Boehner, embattled speaker, resigns from a raucous Republican caucus

Tea Party followers found Ohio representative too willing to compromise.

US Speaker of the House John Boehner (R-OH) (photo credit: REUTERS)
US Speaker of the House John Boehner (R-OH)
(photo credit: REUTERS)
WASHINGTON – Speaker of the US House of Representatives John Boehner announced his resignation on Friday, effective at the end of October.
Boehner, 65, will end his five-year run as speaker embattled: a strengthening Tea Party wing of his House Republican caucus was planning an ugly and public revolt against his leadership, and an NBC/Wall Street Journal opinion poll released on Friday found that 72 percent of Republican primary voters disapprove of his performance.
While Tea Party Republicans considered Boehner a member of the establishment, out of touch with the anger and desire for change of his party base, the Ohioan says his goal was to keep the movement intact and functioning.
“I’ve done everything I can over my term as speaker to strengthen the institution,” Boehner told journalists at a press conference on Friday afternoon. “And frankly, my move today is another step in that effort to strengthen the institution.”
The top Republican served his home district in southwestern Ohio for 25 years over 13 consecutive terms. He has not considered plans for after his resignation, he told reporters, but his family was happy to hear of his decision.
“It’s the right time to do it, and frankly, I am entirely comfortable doing it,” he said.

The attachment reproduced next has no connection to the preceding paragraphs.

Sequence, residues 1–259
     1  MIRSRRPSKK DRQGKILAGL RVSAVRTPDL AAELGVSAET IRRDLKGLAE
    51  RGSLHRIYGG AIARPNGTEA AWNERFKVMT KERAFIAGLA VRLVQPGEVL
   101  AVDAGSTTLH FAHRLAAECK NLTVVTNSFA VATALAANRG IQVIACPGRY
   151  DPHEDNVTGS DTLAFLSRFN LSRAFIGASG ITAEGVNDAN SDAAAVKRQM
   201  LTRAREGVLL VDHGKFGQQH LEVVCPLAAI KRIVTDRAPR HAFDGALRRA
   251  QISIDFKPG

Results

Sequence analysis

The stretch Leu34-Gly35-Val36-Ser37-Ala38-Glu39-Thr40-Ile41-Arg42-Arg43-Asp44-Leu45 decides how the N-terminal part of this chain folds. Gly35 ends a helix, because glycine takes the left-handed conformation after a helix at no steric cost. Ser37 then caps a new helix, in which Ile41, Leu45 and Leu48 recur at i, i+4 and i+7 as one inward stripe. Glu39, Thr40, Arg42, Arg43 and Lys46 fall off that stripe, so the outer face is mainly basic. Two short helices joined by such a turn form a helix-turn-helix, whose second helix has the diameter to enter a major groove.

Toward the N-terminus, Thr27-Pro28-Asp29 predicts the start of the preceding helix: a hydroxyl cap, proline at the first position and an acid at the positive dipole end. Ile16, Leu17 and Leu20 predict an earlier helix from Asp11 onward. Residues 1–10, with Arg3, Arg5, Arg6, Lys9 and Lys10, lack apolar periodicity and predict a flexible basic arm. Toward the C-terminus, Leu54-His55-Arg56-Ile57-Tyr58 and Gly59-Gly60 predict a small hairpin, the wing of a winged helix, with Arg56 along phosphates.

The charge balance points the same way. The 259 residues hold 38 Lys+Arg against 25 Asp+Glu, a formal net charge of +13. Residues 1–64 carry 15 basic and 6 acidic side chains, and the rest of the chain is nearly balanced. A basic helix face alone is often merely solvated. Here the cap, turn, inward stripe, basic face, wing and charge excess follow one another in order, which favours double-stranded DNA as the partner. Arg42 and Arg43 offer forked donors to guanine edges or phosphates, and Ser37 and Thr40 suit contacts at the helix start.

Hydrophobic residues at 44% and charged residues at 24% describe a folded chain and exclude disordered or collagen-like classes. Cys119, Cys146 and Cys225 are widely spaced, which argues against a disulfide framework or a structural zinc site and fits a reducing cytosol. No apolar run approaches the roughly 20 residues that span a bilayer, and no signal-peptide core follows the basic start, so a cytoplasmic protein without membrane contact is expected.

Boehner planned on announcing his retirement in November, on his birthday, effective at the end of the year.
But a possible government shutdown next week, proposed by House Tea Party Republicans angered by the government’s funding of Planned Parenthood, coupled with a moving visit by Pope Francis to Congress – orchestrated by the Catholic speaker – convinced him that Friday was the right day for an announcement.
Boehner has faced constant pressure from conservatives who believe he was too willing to compromise with US President Barack Obama and too frequently relied on Democratic votes to pass crucial legislation.
But Boehner said he was particularly proud of government spending cuts under his rule of up to $2.1 trillion over the next decade, and of his successful leadership on entitlement reform.
Speaking from the Rose Garden of the White House, Obama said he was caught by surprise at the news and praised Boehner as “a good man.” He said he hoped the speaker would be in a position to get a lot done before he leaves.
Only one year ago, Boehner’s resignation could have led to the country’s first Jewish speaker of the House, when Rep. Eric Cantor of Virginia was still in office and serving as majority leader. Cantor lost his seat in an upset primary election to a Tea Party insurgent.
The current front-runner for speaker is Majority Leader Kevin McCarthy of California, although several other members have indicated an interest in running for the position from McCarthy’s right.
“I first met John Boehner over 30 years ago when he held his first elective office as a township trustee. A few years later, I worked for him as a page in the Ohio House,” said William Daroff, director of the Washington office of the Jewish Federations of North America.
“Boehner has always been attuned to the interests of the Jewish community – working closely to help those served by our social service agencies, to bolster the philanthropic sector, and to strengthen the US-Israel relationship,” Daroff said. “His steadfast leadership will be missed.”
In Israel, Boehner may best be known for orchestrating Prime Minister Benjamin Netanyahu’s controversial speech to Congress last March on Iran.
Inviting the Israeli premier one day after Obama’s State of the Union address, he drew criticism for extending the offer without first consulting the White House. The Obama administration ultimately chose to boycott the speech, while Boehner denied accusations that he had made the event a partisan affair.